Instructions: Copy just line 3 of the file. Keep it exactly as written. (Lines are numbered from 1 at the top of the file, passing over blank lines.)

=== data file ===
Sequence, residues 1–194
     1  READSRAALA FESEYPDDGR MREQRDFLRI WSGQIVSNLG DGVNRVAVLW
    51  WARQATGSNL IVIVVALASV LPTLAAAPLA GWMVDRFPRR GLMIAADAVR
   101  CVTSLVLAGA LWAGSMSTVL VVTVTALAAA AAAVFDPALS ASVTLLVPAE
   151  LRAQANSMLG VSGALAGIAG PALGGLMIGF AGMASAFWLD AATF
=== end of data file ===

    51  WARQATGSNL IVIVVALASV LPTLAAAPLA GWMVDRFPRR GLMIAADAVR